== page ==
Our current agricultural and food systems are challenged to sustain a growing world population. The world population is estimated to increase to around 9.7 B people by 2050. Today, 55% of the world’s population lives in urban areas, which is expected to increase to 68% by 2050.
- Food systems are among the largest drivers of anthropogenic climate change.
- They foster climate change and cause the Earth’s systems to transgress beyond their planetary boundaries.
- Resource intense agricultural systems have caused water scarcities, soil depletion, and high levels of greenhouse gas emissions (GHG).
- Food systems have contributed to biodiversity loss and interfere with global phosphorous and nitrogen cycles
Those trends urge us to RETHINK our traditional food systems to adapt to those challenges and to ensure food security. RETHINKING to foster a transition towards more climate-smart, resilient agri-food systems. New systems, that are based on holistic approaches encompassing technological innovation coupled to novel resources and circular economy approaches.
Embarking on the journey of “RETHINKING Urban Agriculture” during the Berlin Science Week was no small feat. The anticipation of delving into the diverse opinions, thoughts, and impressions of individuals residing in an urbanized setting like Berlin was both exciting and thought-provoking. Little did I know that this exploration would lead to a captivating experience that expanded my perspective on sustainable food production.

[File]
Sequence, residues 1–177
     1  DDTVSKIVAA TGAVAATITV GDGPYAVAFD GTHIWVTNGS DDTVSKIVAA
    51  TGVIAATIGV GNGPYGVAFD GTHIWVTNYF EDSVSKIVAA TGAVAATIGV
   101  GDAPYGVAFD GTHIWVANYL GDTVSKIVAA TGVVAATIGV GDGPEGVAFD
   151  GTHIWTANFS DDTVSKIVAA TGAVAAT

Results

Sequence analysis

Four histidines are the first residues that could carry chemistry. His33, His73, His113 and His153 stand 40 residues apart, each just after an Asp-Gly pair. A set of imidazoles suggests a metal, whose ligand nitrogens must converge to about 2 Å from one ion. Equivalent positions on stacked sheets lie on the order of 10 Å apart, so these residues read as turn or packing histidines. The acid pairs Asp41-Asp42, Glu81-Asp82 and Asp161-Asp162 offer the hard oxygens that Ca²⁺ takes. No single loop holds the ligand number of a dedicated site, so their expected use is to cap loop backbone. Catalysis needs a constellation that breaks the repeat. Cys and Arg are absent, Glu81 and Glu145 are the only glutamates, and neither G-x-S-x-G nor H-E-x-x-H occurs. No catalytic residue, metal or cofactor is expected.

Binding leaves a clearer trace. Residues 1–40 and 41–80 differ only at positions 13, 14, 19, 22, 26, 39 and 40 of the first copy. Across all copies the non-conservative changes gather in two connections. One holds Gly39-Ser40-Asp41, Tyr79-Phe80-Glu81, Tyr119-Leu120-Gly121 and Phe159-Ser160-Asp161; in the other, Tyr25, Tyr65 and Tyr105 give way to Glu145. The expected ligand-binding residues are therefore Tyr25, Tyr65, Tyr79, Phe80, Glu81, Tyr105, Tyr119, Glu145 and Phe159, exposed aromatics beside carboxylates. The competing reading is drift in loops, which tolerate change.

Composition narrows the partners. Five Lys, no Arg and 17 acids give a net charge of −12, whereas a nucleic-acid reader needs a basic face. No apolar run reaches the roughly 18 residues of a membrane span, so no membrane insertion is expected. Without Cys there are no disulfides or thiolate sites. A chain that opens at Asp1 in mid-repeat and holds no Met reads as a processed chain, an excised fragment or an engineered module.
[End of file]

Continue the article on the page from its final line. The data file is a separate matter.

In January 2022, my path led me to Singapore, where I took on the role of leading the “Urban Microalgae Protein” Project at the Singapore ETH Center. The context of Singapore as a highly urbanized nation importing 90% of its nutritional needs underscored the urgency of innovative solutions. With a goal to boost domestic food production to 30%, Singapore faces the challenge of limited land, with only 1% dedicated to agriculture. The imperative is clear: invest in alternative food production methods that are independent of arable land, sustainable, and resilient. Exploring single-cell-based value chains, such as microalgae and vertical farming, emerged as viable options for Singapore. While such approaches might seem futuristic, they prove relevant for future food provision when considering the environmental impact of human activities and the potential effects of climate change on our food systems.
Berlin Science Week became a pivotal platform, offering intriguing insights and answers to crucial questions surrounding planetary health, regeneration, and the future of food production in urbanized environments.
The first panel, “RETHINKING Regeneration,” featuring Josephine Graf, Prof. Ralph Mueller, and Prof. Johann Rockstroem, set an inspiring tone. The interconnections between bone regeneration, coral reef restoration, and planetary health unveiled a resounding message: “The time to act is NOW.”
The subsequent panel on “RETHINKING Urban Agriculture” did not disappoint. Witnessing the enthusiastic response and curiosity surrounding novel protein resources, particularly from cellular agriculture, left a lasting impression. The shared commitment of the audience to drive change was evident, as individuals from diverse backgrounds, including an architect, an urban hunter, and a scientist, united with a common vision. Each contributor played a vital role in raising awareness about our food system, adding pieces to the puzzle of creating a more sustainable and future-proof food supply.
In essence, the Berlin Science Week proved to be a treasure trove of insights. If you find yourself in Berlin at the right time, this event is undoubtedly a must-add to your bucket list, offering a glimpse into the innovative and transformative world of RETHINKING the state-of the art to propel innovative solutions.
Watch the full recordings: